An all-time great defensive center fielder -- as well as author of some of the biggest hits in the franchise's recent history and a beloved teammate -- Edmonds is still revered by the players who shared his glory years in a St. Louis uniform. When the club announced Friday that Edmonds was retiring, his old teammates remembered all of the aspects that made Edmonds such a franchise icon.
"He was an unbelievable clubhouse presence and an unbelievable player," said Chris Carpenter, who played with Edmonds from 2004-07. "Best center fielder I've ever seen. He had that extra level, too, you know? In those big games, he could kick it up that one extra notch and do something special. He had an unbelievable career."
Asked whether he thought first of Edmonds the player or Edmonds the teammate, Adam Wainwright couldn't pick one.
"Both, really," said Wainwright. "I think, obviously, his center field play, his hits, the guy had as accurate an arm as anyone I've ever seen. The outfield, he could play with anyone, everybody knows that. But also, when somebody needed to step up on a chair and say something to the team, Jimmy was there to do that. He gave us a pretty good pep talk before the '06 playoffs, and it worked out pretty good. Maybe he could come in here and give us a pep talk before the season."
Wainwright spent less time with Edmonds than some of his teammates did, playing with him in 2006 and 2007. But like the others, he had been looking forward to a possible return engagement. Edmonds had agreed to a Minor League deal for one more year in St. Louis, before his injured left Achilles tendon forced him to hang it up.
"He was a great teammate," said Yadier Molina, who played in three postseasons with Edmonds. "I loved playing with him. He had a good career offensively and defensively. Great person. I was looking forward to it."
Albert Pujols looked up to Edmonds when Pujols was a rookie in 2001, and was hoping for another chance to play with him.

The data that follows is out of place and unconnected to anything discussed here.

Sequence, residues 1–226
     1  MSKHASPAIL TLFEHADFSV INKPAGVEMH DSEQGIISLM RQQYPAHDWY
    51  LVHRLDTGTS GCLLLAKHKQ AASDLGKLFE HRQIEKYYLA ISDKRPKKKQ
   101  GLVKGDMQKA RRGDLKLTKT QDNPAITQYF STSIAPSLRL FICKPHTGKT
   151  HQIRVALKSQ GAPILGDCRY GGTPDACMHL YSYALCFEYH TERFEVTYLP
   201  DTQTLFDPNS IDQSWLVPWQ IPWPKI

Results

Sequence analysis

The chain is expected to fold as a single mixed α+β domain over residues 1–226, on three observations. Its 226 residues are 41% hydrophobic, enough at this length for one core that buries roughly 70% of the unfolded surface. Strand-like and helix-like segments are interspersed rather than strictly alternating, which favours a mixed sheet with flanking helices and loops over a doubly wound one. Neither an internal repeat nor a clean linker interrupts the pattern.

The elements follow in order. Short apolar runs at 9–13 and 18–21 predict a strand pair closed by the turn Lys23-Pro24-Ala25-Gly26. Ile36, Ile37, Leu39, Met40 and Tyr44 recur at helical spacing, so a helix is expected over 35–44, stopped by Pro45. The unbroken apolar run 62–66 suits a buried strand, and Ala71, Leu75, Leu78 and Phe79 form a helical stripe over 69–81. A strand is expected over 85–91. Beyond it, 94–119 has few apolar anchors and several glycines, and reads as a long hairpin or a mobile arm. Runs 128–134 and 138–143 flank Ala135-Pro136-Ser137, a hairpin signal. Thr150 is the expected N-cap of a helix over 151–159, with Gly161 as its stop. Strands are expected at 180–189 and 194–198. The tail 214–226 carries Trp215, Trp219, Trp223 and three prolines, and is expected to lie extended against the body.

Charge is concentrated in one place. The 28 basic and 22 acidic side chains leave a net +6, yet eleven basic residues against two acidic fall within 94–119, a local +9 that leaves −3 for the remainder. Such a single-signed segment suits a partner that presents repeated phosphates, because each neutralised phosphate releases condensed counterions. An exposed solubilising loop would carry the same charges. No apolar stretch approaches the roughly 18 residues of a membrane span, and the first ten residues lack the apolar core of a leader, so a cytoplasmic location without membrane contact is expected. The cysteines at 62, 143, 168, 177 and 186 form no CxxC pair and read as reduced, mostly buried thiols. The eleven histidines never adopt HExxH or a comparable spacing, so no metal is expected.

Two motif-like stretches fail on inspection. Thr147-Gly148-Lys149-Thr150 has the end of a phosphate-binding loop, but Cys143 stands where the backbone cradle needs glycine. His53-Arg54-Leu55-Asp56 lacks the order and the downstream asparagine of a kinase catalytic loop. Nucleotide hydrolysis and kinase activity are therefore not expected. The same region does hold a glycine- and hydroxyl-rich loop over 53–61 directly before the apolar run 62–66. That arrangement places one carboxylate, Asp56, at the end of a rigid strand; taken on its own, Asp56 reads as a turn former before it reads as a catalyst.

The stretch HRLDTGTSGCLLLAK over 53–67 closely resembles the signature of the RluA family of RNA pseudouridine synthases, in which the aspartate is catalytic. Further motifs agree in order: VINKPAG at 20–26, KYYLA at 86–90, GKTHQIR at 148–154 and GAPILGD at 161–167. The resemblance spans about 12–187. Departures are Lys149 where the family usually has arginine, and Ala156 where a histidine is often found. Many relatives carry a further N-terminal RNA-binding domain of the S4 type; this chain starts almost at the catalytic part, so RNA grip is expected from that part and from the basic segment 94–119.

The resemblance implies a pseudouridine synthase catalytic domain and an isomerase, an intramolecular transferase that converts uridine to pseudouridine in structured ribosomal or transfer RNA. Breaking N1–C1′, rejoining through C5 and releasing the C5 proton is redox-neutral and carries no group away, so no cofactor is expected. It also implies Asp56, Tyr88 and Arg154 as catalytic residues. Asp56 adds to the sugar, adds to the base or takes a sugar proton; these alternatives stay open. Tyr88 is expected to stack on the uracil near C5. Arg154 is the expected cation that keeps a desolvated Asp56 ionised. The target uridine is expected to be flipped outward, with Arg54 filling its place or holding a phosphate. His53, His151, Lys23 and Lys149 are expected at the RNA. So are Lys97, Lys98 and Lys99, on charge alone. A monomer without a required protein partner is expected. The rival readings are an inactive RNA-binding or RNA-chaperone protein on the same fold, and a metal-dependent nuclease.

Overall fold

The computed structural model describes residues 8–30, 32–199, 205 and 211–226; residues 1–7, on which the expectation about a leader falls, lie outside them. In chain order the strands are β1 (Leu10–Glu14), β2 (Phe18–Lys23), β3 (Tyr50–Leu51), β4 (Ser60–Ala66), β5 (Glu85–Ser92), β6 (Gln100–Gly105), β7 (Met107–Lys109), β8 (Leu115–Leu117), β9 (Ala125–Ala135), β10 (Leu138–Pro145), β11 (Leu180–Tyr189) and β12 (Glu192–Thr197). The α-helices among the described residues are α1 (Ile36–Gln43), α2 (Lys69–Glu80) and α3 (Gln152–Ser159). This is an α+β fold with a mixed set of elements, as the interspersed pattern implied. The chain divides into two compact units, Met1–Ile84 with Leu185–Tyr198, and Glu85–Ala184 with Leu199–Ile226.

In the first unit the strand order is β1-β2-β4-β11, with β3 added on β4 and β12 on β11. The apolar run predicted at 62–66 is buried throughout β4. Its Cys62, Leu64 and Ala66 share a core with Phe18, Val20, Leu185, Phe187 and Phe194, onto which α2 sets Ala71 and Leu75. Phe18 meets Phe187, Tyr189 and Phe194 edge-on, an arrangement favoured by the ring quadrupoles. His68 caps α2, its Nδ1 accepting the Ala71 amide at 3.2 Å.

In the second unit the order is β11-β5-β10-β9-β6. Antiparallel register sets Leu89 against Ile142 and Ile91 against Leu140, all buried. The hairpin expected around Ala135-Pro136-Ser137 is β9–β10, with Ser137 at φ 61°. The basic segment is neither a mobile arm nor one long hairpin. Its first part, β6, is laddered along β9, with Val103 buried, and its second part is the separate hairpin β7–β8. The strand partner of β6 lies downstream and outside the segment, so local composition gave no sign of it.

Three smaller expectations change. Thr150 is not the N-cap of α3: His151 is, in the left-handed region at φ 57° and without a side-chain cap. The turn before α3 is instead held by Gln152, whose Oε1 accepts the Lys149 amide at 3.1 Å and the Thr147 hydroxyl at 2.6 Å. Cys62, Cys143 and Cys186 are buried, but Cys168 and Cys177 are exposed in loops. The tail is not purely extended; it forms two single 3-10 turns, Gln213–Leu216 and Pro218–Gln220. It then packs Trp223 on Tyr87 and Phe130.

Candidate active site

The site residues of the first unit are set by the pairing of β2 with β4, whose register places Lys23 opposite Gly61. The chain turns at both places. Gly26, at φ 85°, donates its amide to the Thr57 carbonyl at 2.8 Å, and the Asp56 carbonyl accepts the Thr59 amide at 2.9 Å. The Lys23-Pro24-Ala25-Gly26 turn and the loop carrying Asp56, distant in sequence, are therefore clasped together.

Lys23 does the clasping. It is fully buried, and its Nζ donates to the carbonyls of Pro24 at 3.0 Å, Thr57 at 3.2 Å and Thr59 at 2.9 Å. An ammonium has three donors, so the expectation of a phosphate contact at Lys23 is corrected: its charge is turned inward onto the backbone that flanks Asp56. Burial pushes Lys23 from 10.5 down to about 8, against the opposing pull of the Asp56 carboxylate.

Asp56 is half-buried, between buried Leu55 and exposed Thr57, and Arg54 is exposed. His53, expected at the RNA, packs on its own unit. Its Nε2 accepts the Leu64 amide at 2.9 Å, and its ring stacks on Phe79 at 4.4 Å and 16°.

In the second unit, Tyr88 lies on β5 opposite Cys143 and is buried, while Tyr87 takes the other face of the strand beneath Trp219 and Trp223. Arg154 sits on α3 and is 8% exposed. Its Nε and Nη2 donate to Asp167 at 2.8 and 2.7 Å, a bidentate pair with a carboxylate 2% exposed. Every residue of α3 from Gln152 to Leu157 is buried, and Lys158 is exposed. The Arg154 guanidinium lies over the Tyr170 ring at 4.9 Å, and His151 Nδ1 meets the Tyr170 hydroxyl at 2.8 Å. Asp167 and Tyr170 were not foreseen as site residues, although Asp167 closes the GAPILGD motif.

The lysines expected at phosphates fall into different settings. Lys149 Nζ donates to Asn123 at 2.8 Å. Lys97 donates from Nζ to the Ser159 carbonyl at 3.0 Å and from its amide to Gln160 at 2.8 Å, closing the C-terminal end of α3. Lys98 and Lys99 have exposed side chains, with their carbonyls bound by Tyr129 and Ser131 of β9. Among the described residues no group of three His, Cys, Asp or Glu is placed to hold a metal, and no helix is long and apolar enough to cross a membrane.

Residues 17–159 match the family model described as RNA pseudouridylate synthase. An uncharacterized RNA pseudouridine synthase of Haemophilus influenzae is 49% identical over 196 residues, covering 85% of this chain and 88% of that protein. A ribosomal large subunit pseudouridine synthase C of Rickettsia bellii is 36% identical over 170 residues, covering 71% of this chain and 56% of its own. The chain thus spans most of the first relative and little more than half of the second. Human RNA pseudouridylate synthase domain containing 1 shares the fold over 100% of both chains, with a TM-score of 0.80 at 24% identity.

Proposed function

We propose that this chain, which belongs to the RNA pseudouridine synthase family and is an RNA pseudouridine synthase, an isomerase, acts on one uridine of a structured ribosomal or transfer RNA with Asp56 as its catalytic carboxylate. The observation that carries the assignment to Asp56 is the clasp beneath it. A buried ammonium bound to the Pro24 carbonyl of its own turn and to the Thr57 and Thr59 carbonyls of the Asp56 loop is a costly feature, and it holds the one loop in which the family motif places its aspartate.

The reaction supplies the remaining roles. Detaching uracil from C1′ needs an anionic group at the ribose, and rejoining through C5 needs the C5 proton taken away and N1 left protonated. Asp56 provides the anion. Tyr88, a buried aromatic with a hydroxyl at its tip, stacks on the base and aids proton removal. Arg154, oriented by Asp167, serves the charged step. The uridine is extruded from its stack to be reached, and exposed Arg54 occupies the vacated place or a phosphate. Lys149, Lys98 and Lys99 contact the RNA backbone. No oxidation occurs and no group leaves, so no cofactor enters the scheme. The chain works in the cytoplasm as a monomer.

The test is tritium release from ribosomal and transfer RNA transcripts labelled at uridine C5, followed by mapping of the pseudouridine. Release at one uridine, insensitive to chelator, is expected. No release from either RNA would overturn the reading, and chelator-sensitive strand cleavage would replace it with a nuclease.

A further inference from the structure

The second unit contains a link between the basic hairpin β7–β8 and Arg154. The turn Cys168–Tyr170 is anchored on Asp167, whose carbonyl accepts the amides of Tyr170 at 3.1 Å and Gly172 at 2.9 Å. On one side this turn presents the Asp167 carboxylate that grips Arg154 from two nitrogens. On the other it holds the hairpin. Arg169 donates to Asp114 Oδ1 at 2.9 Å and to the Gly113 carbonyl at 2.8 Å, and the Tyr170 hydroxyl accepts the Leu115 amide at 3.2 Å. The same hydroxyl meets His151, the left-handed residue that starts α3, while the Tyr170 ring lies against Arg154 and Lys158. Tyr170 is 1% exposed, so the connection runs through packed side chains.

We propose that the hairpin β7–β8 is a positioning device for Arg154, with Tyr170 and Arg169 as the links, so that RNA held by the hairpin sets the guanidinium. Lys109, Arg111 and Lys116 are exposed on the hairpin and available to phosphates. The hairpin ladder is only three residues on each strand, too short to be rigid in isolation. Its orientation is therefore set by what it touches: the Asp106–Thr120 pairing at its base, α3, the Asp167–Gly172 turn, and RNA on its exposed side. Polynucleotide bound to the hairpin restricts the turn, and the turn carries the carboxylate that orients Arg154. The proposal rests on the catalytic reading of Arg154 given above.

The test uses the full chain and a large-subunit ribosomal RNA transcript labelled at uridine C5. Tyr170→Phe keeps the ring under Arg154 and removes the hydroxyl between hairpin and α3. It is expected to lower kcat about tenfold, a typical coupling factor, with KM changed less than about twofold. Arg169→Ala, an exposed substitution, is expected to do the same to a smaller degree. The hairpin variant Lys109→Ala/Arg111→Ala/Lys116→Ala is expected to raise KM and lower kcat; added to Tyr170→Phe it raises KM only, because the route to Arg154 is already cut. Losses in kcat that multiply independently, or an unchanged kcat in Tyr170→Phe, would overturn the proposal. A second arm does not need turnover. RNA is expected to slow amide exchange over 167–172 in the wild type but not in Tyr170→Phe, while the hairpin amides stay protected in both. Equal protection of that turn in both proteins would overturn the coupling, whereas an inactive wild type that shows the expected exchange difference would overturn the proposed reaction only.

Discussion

"I was pretty excited when I heard the news that he was going to come down here and be part of this organization again," Pujols said. "I think that's how it should be. If it would have worked out, I think he should have been a Cardinal. He did so many great things for this organization, and I enjoyed every single year that I played with him. He was really a mentor to me in my career, and we're still in touch. He's a good friend."
Pujols, like manager Tony La Russa, particularly noted Edmonds' amazing knack for positioning in the outfield. Edmonds studied not only opposing hitters but his own pitchers, to make sure he was in the best possible spot for every at-bat -- an attribute that benefited Pujols, as well.
"When I had the opportunity to play left field and right field, not that much but for a little bit, he helped me to get better out there," Pujols said. "He didn't have to, but he knew if I could get better, it was going to help the ballclub."
Edmonds' big moments in a Cardinals uniform were numerous, probably topped by his walk-off home run in Game 6 of the 2004 National League Championship Series. He developed a reputation not only as an excellent player, but one with a superb sense of the moment.
"He was a guy that knew how to play the game," said hitting coach Mark McGwire, who played with Edmonds in 2000 and 2001. "He was one of the rare guys that you play with that you get into a situation [in] the playoffs or something clutch, and he knew how to just turn that switch on and be really good. You don't find those players too often. He had a really, really, really nice career."
Matthew Leach is a reporter for MLB.com. Read his blog, Obviously, You're Not a Golfer and follow him on Twitter at @MatthewHLeach. This story was not subject to the approval of Major League Baseball or its clubs.